Methods of Analyzing Gunshot Residues

By the mid-1980s, there were three generally accepted methods of analyzing for gunshot residues: neutron activation, flameless atomic absorption spectrometry (FAAS), and scanning electron microscope-energy dispersive x-ray spectrometry (SEM-EDX). All threemethods werebasedonthedetection of metallic elements (principally barium, antimony, andlead)originatingin primers and deposited on the back of the hand firing the weapon. Although all three compounds were found in the primers of virtually all centerfire cartridges at that time, this was not necessarilythecasein rimfireprimers. Thus, until the mid-1980s, Remington rimfire cartridges contained only lead in their primers whereas they now containleadandbarium. CCIand Winchester rimfire ammunition contain lead and barium; Federal, lead, barium, and antimony.

In the mid-1990s, centerfire cartridgesfreeof allthreemetallicelements were introduced for use in indoor ranges by Americanammunitionmanu-facturers. In Europe, Sintox had been manufacturing such ammunition since the 1980s. Analysis of primer residue reveals the presence of strontium in CCI lead-free ammunition, potassium in Winchester's, calcium and silicon in Federal's, and titanium and zinc in Sintox.7-8 In the case of CCI ammunition, the bullets have a lead core encased on all surfaces by a thick coat of electroplated copper. Remington ammunition is loaded with a full metal-jacketed bullet whose base is plugged with a copper disk, preventing vaporization of lead from the lead core. Winchester loads bullets with a copper jacket and a tin core; Federal a zinc core and copper jacketing.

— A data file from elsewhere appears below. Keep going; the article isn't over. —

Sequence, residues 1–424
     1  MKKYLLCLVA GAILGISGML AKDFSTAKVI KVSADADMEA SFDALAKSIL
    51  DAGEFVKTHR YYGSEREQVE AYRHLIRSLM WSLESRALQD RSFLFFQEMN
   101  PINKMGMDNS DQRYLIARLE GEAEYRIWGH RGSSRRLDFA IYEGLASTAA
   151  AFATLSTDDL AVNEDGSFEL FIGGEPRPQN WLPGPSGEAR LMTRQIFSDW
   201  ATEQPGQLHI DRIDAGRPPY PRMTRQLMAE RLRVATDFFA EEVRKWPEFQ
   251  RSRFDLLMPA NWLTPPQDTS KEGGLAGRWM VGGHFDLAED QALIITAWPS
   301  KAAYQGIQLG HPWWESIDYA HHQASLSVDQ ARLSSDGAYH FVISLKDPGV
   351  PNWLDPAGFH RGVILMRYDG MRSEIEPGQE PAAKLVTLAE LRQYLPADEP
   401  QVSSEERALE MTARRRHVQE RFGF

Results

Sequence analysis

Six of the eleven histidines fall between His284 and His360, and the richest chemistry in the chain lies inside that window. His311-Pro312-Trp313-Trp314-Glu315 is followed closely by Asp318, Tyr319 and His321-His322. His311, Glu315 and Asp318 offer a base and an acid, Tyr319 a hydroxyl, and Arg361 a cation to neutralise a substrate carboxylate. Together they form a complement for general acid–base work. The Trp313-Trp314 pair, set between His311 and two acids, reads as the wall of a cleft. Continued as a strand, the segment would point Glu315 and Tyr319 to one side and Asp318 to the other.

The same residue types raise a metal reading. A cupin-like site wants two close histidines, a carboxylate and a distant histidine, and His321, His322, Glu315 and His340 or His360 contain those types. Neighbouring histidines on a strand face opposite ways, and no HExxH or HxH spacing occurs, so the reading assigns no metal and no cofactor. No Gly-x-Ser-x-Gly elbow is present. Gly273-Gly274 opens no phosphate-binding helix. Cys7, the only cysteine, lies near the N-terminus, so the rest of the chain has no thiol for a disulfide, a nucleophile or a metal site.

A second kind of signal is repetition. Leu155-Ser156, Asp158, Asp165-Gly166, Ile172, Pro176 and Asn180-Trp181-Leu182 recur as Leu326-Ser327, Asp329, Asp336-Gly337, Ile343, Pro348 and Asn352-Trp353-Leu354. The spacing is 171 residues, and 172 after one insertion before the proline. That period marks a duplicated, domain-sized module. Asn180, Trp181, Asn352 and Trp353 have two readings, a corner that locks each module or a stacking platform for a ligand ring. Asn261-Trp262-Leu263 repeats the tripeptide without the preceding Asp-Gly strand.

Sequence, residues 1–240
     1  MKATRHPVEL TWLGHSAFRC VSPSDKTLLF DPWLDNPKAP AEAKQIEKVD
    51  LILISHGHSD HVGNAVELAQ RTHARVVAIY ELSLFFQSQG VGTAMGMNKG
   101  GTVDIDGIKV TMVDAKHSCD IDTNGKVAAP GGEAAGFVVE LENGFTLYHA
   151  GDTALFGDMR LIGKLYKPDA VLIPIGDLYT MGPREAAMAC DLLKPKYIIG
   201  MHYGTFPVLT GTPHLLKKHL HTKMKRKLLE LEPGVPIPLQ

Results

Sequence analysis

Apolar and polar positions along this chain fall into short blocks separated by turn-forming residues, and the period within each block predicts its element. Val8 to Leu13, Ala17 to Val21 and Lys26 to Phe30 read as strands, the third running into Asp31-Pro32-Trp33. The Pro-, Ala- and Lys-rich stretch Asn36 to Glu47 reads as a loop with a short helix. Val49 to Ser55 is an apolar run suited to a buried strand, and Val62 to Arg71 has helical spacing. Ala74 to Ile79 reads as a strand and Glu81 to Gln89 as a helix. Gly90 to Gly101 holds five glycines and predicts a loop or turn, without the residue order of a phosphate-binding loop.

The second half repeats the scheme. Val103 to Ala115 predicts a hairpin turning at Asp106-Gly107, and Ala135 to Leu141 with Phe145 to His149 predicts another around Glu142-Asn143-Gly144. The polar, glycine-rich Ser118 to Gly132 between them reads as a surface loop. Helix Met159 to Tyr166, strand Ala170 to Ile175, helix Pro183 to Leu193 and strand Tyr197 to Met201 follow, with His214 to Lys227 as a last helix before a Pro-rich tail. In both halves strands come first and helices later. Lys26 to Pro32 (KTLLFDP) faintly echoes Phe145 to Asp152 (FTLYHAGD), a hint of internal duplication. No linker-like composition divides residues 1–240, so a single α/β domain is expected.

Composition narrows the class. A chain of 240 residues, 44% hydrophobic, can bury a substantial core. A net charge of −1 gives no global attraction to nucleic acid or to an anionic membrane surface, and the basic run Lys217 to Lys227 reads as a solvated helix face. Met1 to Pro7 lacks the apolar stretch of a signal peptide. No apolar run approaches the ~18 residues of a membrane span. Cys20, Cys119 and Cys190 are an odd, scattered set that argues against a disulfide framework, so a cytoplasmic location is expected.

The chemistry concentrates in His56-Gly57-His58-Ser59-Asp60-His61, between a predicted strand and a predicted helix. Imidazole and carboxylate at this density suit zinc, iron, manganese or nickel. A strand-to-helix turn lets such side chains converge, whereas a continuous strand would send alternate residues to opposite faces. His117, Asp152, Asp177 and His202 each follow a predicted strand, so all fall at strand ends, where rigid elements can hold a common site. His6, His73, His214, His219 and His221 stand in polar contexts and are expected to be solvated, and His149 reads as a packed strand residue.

By the 1990s, neutron activation had been discarded as a method of analysis. This was due not only to limitations in analytical capabilities (it can analyze for antimony and barium but not lead and, thus, had to be used in combination with FAAS) but, principally, because of the need for access to a nuclear reactor to perform tests.